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  1. This was put on hold due to an upcoming move - I did not want to raise the mast before moving across countries. The move got postponed and postponed again. And now I am tired of its unfinished state. If the move does come and the model breaks, ah well, at least I tried and I’m truely sour how I bungled the deck planking anyway - I see the rest as practice. I added the mast and have begun with the shrouds. The upper dead eyes were connected to hearts (or whatever is the English term? - the white teardrop things) as was common in those days, and the shrouds looped around the hearts. How I made the hearts I do not remember, but the brackets are all brass. I have attached the first shroud on each side: now I’m trying to find out just how hard I should pull before permanently attaching the lanyards.
  2. To be honest I skipped every paragraph that started like that, as well as the simplistic «Viking» ship popular descriptions: I saw mostly the pictures, but they speak volumes :D
  3. Wonderful Although interesting in itself, all those articles were more about 3D-scanning than the ship. It is maybe similar to the Galtabäck II wreck, which appears to be the same type of ship, from the same area and from within the same decade (or two). This period saw rapid changes in ship building though, and seems more intact than other wrecks, so this will generate interest for sure. And yes they did use iron nails at the time, alongside wooden, but they stay together anyway. At that time the boards were often fastened together with iron nails, while the frames, which were added later, were fastened with wooden ones. They say it is clinker built, but from the scan it looks like the uppermost boards could possibly have been built carvel style. That I have only seen on a single other wreck (also second half of 12th century), so that would be interesting to see more details about.
  4. I’m not sure why there is a change on MSW - if there really is a change that is, but in general it is quite expected that modellers gravitate towards plastic. Plastic has a considerably lower threshold than wood, less tools are needed (although I’m sure some think that is a negative attraction point ), it is much faster to build and less practice is needed before you reach good results. Unless you go really bonkers with aftermarket it is also considerably cheaper (per kit, but maybe not per time, come to think of it). And yes, I enjoy both.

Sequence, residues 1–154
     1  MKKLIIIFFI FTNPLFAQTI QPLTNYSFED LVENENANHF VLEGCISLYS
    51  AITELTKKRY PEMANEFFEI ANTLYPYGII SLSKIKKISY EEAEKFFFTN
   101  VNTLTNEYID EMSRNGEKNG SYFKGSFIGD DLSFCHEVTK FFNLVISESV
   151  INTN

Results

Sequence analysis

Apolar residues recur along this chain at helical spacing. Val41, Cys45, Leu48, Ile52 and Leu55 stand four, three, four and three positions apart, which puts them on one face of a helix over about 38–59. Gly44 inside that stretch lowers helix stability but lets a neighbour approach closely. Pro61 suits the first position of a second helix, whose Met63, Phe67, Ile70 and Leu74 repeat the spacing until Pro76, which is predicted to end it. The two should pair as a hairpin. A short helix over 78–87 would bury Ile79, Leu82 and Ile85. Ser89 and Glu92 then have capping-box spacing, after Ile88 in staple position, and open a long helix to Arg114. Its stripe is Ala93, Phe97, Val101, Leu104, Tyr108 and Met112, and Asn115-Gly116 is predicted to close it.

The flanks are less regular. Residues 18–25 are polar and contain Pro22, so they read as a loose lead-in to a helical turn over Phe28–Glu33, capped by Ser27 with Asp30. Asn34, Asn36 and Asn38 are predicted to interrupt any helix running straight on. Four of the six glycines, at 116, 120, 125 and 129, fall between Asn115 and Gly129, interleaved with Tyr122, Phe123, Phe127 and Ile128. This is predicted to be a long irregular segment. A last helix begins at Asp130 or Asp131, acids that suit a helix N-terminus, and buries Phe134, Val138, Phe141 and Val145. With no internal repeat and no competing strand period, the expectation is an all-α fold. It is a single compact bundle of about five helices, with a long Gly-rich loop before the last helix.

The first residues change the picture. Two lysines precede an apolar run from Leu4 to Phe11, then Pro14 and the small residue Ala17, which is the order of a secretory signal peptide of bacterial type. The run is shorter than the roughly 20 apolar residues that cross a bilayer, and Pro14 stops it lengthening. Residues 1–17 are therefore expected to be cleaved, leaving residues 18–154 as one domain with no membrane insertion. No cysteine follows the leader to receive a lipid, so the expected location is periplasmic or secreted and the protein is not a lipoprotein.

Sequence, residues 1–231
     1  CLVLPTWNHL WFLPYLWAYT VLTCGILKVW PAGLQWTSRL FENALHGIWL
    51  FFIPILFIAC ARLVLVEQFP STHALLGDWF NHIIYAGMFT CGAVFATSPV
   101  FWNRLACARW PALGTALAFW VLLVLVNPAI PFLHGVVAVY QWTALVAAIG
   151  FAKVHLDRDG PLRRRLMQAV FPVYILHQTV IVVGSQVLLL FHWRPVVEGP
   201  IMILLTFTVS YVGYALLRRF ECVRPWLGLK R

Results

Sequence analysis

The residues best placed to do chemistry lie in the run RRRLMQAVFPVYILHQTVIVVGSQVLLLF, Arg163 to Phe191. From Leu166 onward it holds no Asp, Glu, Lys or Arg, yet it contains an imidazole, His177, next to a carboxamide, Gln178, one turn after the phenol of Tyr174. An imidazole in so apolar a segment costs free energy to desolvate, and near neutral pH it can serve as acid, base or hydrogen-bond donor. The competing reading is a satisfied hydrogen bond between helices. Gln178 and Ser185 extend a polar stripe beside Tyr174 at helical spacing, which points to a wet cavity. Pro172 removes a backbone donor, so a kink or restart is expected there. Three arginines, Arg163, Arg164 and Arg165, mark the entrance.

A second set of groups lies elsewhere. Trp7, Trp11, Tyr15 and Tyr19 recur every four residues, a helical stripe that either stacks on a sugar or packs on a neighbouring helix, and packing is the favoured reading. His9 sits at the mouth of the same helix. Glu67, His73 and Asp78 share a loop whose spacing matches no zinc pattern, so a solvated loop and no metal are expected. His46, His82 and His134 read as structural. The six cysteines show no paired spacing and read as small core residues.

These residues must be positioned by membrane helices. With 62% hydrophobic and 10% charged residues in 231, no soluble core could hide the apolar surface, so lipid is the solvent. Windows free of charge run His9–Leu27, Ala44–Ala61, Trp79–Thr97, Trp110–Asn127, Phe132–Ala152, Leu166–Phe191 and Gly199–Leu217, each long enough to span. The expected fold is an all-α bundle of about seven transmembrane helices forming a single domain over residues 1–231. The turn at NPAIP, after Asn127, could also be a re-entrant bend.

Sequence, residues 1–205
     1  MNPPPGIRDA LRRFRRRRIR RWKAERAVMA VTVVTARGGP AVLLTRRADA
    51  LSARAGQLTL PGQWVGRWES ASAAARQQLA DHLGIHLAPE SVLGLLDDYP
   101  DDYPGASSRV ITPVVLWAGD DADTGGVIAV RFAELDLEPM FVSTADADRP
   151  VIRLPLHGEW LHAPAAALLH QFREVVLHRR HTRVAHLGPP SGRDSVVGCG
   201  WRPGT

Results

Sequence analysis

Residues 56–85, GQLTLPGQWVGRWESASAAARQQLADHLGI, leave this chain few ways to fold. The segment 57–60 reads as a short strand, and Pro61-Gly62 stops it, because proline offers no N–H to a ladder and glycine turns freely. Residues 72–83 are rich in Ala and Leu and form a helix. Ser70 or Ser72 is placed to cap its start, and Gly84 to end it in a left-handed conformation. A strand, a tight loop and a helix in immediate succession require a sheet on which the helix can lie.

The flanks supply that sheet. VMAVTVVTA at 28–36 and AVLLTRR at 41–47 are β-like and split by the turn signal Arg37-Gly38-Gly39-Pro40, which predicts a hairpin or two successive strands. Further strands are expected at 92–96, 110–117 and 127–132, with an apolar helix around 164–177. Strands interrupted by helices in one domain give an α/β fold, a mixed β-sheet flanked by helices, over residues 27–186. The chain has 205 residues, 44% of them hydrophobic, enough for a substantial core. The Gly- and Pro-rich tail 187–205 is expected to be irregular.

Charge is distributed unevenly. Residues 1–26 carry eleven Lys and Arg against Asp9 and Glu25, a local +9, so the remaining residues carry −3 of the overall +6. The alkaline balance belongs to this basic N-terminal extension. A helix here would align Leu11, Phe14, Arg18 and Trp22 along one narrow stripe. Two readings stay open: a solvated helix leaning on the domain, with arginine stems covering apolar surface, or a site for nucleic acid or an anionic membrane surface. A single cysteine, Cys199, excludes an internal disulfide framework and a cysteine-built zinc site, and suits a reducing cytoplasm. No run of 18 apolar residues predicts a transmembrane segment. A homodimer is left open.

5. Beautiful Did I understand it right, that you print the wax, make a mould and then cast the final propeller, or am I missing something? What kind of material can you print the wax in?
  6. I am as speechless as this is flawless. Thank you for sharing!
  7. Indeed rigols - I've seen them made in a few logs on the forums on shipmodelinfo, where they make mostly modern boats, maybe you can find ideas there? Etching or casting would maybe work? Here is another view: Mariefred alongside quay in Mariefred I see darker pixels indicating carvings or reliefs inside them, but not more than that - how large would these things be on your model? Edit: I found a picture where you can see some detail, taken after the fire in 1980 before rebuild (you can search digitalmuseum.se for hundreds of old pics by the way): https://digitaltmuseum.se/011015402462/fo124957dia/media?i=291&aq=owner%3A"S-SMM"+text%3A"mariefred"
  8. I just strolled right in... might have changed since I moved but I got similar responces when I was living there. I think people just don't know about the place, it's a bit of an oasis, only minutes from the busiest areas of the city (this goes for Skeppsholmen too ). As a sidenote, this is where the Stockholm tar came from, the name of the place means "Tar isle". It does might be tricky to access the "parking lots" though, as they are usually fenced - but maybe one can get close enough for pics?
  9. She's parked on Beckholmen over the winter, if you are downtown someday (I used to stroll there, lots of old vessels to look on). Don't live in Stockholm anymore, so can't go and help out
  10. This has been said before but... can't believe it's "just" paper! For the record, the reason no one was on guard when the Anna Maria caught fire was quite specific: the drinks aboard were frozen solid so the last man left to join the others in the pub to warm himself with some of the still liquid variety. They were all awarded with a few days prison, after the shipowners asked the court to show leniency (makes me wonder if there were insurance frauds already then...).
  11. For what it's worth, I remember an original drawing of an 18th century Swedish galley showing the same concave-convex arrangement on the joint of the two halves of each yard. So it seems like a persistent technology.
  12. Shouldn't be too difficult to find out. Satelite and AIS data should give the answer quite quickly if the positions of the wrecks are known.
  13. Grinnell & Minturn California line house flag + American clipper, I suppose it is Flying Cloud
  14. Well, it's not cold all year round - that picture was taken in September, in Nome where, or so wiki tells me, the temperature ranges between 40 and 70 °F (5-20 Celsius) in September. Otherwise they were imitating local clothing, wearing furs: http://libweb5.princeton.edu/visual_materials/maps/websites/northwest-passage/amundsen3.jpg
  15. Louie, maybe the carriages double as spacers for consistent positioning?

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